with Artist's Viewfinder and Kuuvik Capture
Laszlo Pusztai's code and user interface design lies beneath all our apps. He's also an avid photographer, so we asked him how he uses these apps for his photography.
Check out his photographs and writings on his web site: http://www.laszlopusztai.net
DIRE Studio (DS): Why Iceland?
Laszlo Pusztai (LP): Closest to my heart are landscapes and birds, with occasional trips into the realms of architecture and product photography. Iceland is abundant with great landscapes, hosts flourishing birdlife, and our love towards the colder climate is why we decided to spend the entire summer here. It is also a good proving ground to see how our apps perform in demanding conditions.
DS: What equipment do you use?
LP: I'm currently using digital SLRs as they give me the most flexibility and also produce the image quality and size I'm after - namely Canon's EOS 5DS R and 1D X Mark II cameras with a mixture of Zeiss' Otus and Classic lenses and Canon super telephotos. I'm using an iPhone 6s Plus as a viewfinder with an olloclip Active Ultra Wide converter lens. I have a 15" Retina MacBook Pro in the studio with a 24" EIZO CG monitor, as well as a 11" MacBook Air dedicated solely for field work with Kuuvik Capture.
DS: How our apps are incorporated into your image making workflow?
LP: It's a huge topic, since if I need something, and find a place for it in the apps, I add it as a feature. So they really provide the backbone of my workflow - up until the RAW conversion. But let me try to summarize it. When it's possible to work slowly and deliberately I start out with the Mark II Artist's Viewfinder to check for compositions. If I see the image in Viewfinder is when I proceed with actually taking it. It really saves me a lot of effort, since most of the time I don't even take the camera out of the bag. I can also check several different compositions quickly. Once I find something I save the "view", so that I can set the camera up for the same composition. And this is the point where Kuuvik Capture takes over. There are some things you can't see on a small LCD, which begs for a large(ish) monitor. Especially with high resolution cameras. I finalize the composition in Kuuvik Capture, and to tell you a secret, the Arca-Swiss d4 head does wonders for single-handed fine tuning. Then I fine tune the focus with the help of peaking, and lastly the exposure by keeping an eye on the RAW histogram. I rarely need exposure sequencing, but at those times the app's simplicity saves the day. The last step I do in Kuuvik Capure happens when I'm back in the studio (or in the hotel) - culling and "keeper" selection.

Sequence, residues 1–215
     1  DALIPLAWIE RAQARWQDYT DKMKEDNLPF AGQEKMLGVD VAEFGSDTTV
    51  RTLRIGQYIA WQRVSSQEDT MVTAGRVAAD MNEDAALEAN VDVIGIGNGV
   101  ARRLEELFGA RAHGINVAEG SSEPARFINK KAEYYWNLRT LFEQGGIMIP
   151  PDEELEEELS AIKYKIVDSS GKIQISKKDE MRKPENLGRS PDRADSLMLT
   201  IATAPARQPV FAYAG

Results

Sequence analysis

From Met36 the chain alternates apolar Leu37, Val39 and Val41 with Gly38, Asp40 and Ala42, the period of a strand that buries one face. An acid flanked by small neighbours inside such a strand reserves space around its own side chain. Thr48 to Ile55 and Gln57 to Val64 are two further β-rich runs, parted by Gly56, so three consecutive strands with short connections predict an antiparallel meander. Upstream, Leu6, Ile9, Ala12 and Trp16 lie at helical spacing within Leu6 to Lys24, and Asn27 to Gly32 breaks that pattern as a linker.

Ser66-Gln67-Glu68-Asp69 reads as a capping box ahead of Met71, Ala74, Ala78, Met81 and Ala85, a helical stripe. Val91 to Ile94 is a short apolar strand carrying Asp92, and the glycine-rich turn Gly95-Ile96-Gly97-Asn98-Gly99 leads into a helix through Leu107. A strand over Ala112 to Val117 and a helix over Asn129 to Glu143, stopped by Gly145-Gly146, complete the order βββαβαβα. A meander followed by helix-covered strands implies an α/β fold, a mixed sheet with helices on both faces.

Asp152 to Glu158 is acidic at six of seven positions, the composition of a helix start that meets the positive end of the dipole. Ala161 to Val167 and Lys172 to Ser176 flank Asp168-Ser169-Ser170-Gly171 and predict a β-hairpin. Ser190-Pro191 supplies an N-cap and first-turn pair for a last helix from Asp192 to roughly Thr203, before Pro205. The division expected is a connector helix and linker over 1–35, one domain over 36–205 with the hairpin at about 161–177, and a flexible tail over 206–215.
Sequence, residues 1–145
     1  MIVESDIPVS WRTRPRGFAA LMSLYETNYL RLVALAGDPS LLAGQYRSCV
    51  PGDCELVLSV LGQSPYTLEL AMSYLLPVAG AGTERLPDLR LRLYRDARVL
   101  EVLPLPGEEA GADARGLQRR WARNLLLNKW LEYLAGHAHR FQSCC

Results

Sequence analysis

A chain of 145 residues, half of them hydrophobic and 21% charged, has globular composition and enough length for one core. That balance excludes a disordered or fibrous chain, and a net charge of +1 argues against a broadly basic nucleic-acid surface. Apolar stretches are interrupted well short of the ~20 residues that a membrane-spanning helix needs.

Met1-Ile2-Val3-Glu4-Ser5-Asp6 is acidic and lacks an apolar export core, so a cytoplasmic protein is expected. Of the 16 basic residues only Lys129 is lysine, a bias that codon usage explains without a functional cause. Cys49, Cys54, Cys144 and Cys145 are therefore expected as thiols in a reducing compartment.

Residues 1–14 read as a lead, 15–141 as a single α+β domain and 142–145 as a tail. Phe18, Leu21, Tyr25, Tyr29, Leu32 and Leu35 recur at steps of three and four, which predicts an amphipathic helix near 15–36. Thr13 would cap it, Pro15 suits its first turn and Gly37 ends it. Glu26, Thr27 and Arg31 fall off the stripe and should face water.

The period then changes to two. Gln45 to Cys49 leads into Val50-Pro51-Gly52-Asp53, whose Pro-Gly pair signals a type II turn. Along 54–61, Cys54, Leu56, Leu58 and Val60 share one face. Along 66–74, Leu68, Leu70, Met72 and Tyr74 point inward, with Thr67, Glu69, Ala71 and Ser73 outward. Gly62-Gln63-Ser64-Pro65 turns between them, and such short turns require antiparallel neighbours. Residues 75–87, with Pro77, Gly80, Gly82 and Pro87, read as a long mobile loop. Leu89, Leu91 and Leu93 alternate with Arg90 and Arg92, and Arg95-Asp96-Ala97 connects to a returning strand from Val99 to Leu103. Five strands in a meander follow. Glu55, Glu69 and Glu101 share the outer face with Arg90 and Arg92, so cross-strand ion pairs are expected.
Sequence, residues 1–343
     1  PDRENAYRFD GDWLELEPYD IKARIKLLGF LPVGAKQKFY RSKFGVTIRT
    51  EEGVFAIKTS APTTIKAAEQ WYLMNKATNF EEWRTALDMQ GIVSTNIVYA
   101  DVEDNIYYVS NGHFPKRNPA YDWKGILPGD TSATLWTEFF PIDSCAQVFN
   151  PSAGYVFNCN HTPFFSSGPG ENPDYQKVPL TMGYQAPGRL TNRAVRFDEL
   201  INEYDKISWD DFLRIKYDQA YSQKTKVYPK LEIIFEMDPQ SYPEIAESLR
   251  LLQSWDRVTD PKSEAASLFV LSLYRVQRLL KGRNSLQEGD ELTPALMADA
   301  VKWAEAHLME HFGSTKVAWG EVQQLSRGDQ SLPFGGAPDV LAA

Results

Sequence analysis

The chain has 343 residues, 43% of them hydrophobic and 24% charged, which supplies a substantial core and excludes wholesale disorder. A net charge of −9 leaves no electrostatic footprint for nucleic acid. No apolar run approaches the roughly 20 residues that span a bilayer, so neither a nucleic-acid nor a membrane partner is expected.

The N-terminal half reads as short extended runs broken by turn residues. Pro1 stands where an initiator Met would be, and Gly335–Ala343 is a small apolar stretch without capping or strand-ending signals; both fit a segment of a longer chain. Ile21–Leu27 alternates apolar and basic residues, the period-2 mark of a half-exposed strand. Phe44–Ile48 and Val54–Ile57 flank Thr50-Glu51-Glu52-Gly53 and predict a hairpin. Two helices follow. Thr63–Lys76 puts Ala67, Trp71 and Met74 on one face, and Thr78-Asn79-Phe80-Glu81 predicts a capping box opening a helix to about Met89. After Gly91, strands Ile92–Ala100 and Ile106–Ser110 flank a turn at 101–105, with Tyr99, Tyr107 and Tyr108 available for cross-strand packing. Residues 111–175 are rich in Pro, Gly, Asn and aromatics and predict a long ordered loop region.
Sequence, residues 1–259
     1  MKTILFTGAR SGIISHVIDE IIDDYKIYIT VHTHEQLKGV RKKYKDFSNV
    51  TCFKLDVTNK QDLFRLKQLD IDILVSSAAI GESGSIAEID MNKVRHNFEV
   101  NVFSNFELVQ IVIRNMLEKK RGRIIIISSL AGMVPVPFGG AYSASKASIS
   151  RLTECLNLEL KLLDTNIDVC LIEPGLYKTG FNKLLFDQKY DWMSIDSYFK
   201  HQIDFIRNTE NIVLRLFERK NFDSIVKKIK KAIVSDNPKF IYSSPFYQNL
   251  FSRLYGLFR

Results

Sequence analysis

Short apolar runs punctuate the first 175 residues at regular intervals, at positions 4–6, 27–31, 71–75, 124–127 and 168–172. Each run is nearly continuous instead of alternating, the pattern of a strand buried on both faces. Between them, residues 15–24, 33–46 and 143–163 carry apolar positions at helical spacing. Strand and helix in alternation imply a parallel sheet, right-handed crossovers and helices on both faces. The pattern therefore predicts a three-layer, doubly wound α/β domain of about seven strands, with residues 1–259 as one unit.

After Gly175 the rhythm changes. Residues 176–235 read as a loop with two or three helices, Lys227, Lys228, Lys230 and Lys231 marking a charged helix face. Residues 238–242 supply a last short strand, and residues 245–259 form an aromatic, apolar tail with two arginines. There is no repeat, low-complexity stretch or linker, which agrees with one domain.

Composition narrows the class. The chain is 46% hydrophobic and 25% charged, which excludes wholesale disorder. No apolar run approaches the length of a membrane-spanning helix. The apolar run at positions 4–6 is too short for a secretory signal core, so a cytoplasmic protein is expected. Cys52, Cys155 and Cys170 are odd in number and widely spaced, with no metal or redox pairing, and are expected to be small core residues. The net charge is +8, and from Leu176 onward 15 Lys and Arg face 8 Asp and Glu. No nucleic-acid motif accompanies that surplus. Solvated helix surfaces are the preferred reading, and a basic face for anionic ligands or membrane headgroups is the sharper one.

DS: What is your most used/favorite feature in these apps?
Most used features are frame masks, auto-exposure lock and wide mode in the Mark II Artist's Viewfinder. The current favorite is the ability to go directly into a virtual camera from the phone's home screen with the 3D Touch shortcut. For Kuuvik Capture, the most used one is something that's not obvious: purging of unrated images in a session. I use it for culling everything - from field work to the thousands of images I produce daily when birding. The favorite is pinch-zooming in live view using the trackpad. Think zooming in-out quickly to check different areas for focus or depth of field. And the most enjoyable one is watching as a long-throw lens (eg. an Otus) reaches focus on the sharpened and focus peaked live view screen. But having tools that work exactly the way I want is the real deal.
DS: Iceland is one of your favorite locations. Are there any specific challenges that the apps help you to deal with there?
Weather in Iceland can turn inclement quickly. On lots of occasions I use the Mark II Artist's Viewfinder in the comfort of the car to decide whether is it worth the effort to set up the camera or better to look for another location. Or walk around with just the iPhone and minimize the camera's, lens' and notebook's exposure to rain or dust. Given the sheer number of photographic opportunities in Iceland, the ability to arrive home with only a few good images instead of a bunch of "failed tries" is priceless. Both in storage space and in subsequent processing time. Without Kuuvik Capture I shot 8-10x more frames in the past. We rented a flat in Reykjavík for the summer, and reaching some of the great locations can be time consuming. With these apps I can maximize the useful time spent on each location. This also makes the photography process more spouse-friendly, so we can visit each location together. At least each photo session to date remained within Ágnes' comfort zone. And a funny side effect is the puzzled expression on people's faces when I periodically pull out my iPhone despite the huge backpack, tripod and photo vest with a MacBook Air in the pocket I'm carrying.
DS: Working tethered with a notebook isn't a problem in rain?
Well, it could be. That's why I use a 5m USB cable - it happens from time to time that the camera is out in the cold or rain with the appropriate cover, and I'm sitting in the warm car waiting for the moment, or taking multiple exposures. One of the initial driving factors to develop Kuuvik Capture were some very cold nights spent with photographing aurora and deep sky objects.
All images on this page are Copyright © 2016 Laszlo Pusztai. All rights reserved.